Let Us Remember Adah

Twitter Fiction Festival Flash Fiction #7. Epitaph by @KyleMunson, @SarahLoveSager@jessieopie. Fiction by Jennifer Wilson

 Far as we know, she never stopped. — @jessieopie

She packed her kit and continued walking. The thing was snug to her back, but it bothered her. She could deal with the tent just fine, even though it weighed at almost 50 pounds with stakes. Adah had always been hardy. Back in Iowa, her pop lent it to her knowing she could shoulder it like a weak calf in spring.

It was the less luxurious things she’d begun to resent. Pillow. Blanket. It was so damned hot this time of year anyway, and she didn’t mind the dew at night, closest thing to beauty cream she’d ever get. Toothbrush. She wasn’t kissing anyone in this war, wasn’t particularly interested in anything but writing. She’d been tempted to throw it out.

Adah had gone wild. That’s what it was.

Farm life was fine. Pop liked the help, but he didn’t need her. That’s what brothers were for. Everybody back home was always milling around and waiting for her to take up with that sad-sack Carl Crout.

Adah grimaced at the thought. Just because Carl Crout was the only fella to look at her didn’t mean she had to take that jackass. He only wanted to stick it to her and make a mess of kids to keep her home for good.

But life on the road was the life for her. Didn’t matter where! Hell, she’d cover anything they’d pay her for at the Bureau. Lady journos were scarce, and sometimes she was the only one who could get the story. Like when the pretty Swiss nurses got sick of the men gogging around the hospital and kicked them all out but Adah. She’d scooped them all on the gut-shot colonel that way.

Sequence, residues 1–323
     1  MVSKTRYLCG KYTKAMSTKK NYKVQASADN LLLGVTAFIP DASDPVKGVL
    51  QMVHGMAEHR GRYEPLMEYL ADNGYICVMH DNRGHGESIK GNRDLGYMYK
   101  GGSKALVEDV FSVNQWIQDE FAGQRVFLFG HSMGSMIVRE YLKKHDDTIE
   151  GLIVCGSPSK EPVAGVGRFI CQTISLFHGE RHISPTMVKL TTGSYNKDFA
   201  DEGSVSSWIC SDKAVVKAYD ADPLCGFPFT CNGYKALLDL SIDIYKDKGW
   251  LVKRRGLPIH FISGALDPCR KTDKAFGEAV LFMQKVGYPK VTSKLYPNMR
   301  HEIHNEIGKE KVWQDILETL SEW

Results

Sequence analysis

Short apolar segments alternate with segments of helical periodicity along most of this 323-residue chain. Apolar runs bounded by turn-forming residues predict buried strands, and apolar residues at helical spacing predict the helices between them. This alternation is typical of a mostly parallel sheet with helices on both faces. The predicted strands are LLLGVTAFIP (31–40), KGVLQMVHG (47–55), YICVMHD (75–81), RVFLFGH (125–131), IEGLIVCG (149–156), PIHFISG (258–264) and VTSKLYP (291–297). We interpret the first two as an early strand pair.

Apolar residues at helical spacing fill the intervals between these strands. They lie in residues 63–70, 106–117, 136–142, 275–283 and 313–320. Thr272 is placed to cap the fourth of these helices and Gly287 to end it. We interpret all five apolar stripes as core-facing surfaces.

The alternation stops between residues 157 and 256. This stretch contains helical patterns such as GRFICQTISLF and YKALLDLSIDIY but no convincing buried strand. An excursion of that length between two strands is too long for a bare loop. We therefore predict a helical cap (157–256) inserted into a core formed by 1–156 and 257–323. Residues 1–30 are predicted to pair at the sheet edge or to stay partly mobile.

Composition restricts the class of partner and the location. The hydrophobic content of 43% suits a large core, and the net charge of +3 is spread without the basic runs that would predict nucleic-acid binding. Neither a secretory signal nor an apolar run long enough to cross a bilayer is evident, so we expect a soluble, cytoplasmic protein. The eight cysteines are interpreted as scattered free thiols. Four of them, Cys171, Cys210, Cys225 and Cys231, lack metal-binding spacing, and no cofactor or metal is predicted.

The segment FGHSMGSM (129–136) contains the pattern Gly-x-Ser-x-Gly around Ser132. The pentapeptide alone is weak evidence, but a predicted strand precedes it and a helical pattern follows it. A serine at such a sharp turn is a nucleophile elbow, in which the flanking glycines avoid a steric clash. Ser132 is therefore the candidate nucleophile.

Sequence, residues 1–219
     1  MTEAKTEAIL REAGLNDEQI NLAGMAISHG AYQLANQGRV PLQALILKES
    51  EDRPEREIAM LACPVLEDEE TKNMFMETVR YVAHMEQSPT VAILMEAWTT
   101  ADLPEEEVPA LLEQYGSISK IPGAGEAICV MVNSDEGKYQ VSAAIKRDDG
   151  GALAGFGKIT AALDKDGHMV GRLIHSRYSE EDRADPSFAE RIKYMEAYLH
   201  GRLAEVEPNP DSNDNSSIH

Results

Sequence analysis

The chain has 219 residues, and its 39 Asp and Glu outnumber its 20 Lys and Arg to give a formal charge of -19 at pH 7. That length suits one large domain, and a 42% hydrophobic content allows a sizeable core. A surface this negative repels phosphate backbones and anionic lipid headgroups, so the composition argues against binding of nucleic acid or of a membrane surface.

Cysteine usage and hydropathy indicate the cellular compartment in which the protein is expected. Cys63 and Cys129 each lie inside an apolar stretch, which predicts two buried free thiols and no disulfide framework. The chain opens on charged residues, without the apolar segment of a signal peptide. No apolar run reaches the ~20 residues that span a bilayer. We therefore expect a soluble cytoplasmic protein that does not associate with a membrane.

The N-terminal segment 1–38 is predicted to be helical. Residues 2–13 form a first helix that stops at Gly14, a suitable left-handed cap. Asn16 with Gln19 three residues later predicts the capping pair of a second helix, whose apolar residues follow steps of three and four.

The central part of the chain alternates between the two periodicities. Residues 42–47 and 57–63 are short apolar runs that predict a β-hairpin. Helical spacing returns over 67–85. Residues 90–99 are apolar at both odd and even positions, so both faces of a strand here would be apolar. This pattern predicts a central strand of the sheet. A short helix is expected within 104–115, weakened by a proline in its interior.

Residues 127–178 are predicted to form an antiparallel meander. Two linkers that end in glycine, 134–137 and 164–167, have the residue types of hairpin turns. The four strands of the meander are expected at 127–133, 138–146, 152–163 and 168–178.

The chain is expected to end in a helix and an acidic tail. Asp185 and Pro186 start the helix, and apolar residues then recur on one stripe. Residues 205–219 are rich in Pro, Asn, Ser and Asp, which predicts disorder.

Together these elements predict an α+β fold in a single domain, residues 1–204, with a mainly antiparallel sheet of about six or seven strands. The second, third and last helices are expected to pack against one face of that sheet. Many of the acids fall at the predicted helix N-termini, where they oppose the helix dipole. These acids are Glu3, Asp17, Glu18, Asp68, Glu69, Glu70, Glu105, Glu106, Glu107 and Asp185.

Adah felt good today. The air was sharp in her nose and the sky was clear and she hadn’t slept half bad.

Milbourne chucked her on the back when he walked by.

“Saw your piece yesterday, Adah,” he winked. “Real good work. For a dame.”

Adah picked up some gravel and tossed it half-heartedly in his direction. Her eyes scanned the woods.

Pop was the only one she’d miss.

She couldn’t write or call or anything, though. He’d come for her, thinking she was out of her mind. Probably she was. But it sure felt fine to be that way.

“Milbourne,” she called. “You ever carry a calf in spring?”

Milbourne stopped and turned. He shook his head. “I never did,” he said.

Adah nodded. “You ain’t missing much,” she said. “Only need to do it once to know how you feel about a thing like that.”

# # #

Thanks, @TwitterBooks!